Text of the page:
Alas, I'm now thinking "please finish the damn series, Ms Evanovich" because the magic is gone there...

Carolyn Crane said...

So sad there are only five!!

Katiebabs a.k.a KB said...

I have so many comfort reads. It comes down to the characters, the words and the connection the H/H have with one another.

Almost every old school Julie Garwood and Sandra Brown are comfort reads for me.

ElaineG said...

Suzanne Brockmann's books are my comfort reads. Sam, Alyssa and Jules (one of the first main stream gay characters I ever read about) from her Troubleshooter series are some of my all-time favorite characters ever. I sometimes read only certain pages of each book in the series just for that feel good moment. There are several m/m authors that I also consider comfort reads too: Carol Lynne, Sean Michael, Cameron Dane, Amber Kell, TA Chase to name only a few (seriously only a few cause there are like 40 m/m authors I read constantly and I consider them comfort reads too. Mostly to take me outside my dull, boring life *grins*) Come to think of it, my comfort reads tend to be series, because I love the story-building, and I love to revisit characters from previous books.

Jessica said...

When I want comfort, I usually go for Anne Bishop's Dark Jewels books or Lora Leigh's Breed series. In both, good writing, great characters that are easy to care about, tension, and great endings. For awhile someone else is having a harder time in life than I am, and yet they still come out OK and on top. I think to myself, if they can, I can.

Carolyn Crane said...

KB: what a great insight...the connection. That's interesting.

Elaine: Thanks for this. I love that you reread the feel good moments. It makes me want to do that more often. Also, for reminding me I need to GETON the Troubleshooters!!!

Jessica: That is so funny you go for the Dark Jewels. That read didn't comfort me much, but so many people LOVE it! Funny about the Breed series. I love that about reading people who are having worse problems! LOL.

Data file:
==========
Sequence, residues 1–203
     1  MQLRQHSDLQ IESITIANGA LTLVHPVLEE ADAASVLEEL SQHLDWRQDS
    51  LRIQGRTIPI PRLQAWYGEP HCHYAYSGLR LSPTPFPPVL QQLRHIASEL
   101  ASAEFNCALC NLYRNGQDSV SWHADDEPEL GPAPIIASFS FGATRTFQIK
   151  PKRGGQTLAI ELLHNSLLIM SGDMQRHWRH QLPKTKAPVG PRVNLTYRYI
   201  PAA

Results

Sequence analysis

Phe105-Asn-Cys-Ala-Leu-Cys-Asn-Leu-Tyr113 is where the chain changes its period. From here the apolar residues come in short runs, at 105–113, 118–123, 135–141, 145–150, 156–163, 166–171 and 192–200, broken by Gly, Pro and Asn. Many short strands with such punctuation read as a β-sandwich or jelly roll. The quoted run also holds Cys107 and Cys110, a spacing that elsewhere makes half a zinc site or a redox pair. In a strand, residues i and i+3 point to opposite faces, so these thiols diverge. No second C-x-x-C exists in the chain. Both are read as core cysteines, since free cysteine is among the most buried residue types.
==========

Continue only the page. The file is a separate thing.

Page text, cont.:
Bev(QB) said...

Hands down, my #1 comfort reread (or relisten in the case of the audio book) is Stephanie Lauren's Devil's Bride. It's an escape to another time and place, where the setting is idyllic, the romance is magical, and the HEA is guaranteed to bring a smile and a sigh. It's the book I turn to when I need comforting the most.

When I need a guaranteed escape, I usually turn to either Madelynne Ellis' A Gentleman's Wager or if I need escape AND to work out some aggression, I'll immerse myself in LKH's Anita Blake series from the beginning.

The one thing that all the above have in common is that I can take a complete break from the real world and exist, at least mentally, in the world the authors have created for me.

Sullivan McPig said...

For me it's certain books that have the combination of a good story and are well written. I love to lose myself in the flow of the sentences, just enjoying the rythm and pace of the text.

Anne said...

My comfort reads are Laurell K. Hamiltons -Guilty Pleasures and Iris Johansen's Loveswepts (I have all). They really take me back to a more innocent time in my life. Crazy comforts but they work.

SciFiGuy said...

For me my comfort reads are a combination of all of the things you mention. I like to dive into great thick fantasy re-reads such as Carey's Kushiel or GRRMM's Ice and Fire. I like to re-read LKH's Anita Blake (the early novels), the Sookie books and Harrison's The Hollows series.

Tracy said...

Great post CJ! I think for me the comfort reads are books that I KNOW I can go to and get exactly what I'm looking for. Everything in that book, whichever one it is, is damned near perfect for me and it just gives me that uber-wonderful life is good feeling.

Carolyn Crane said...

Bev: OMG! I have A gentleman's wager way way deep in my TBR!! Thanks, Bev!

Sully: So true! I think losing onesself is highly underrated!

Anne: I love the idea of going back to books for the era that you read them in!

SCIFIGUY: Great choices. Those are books that have such strong worlds.

Tracy: That's something I love, too. The known. Maybe that's what links all this.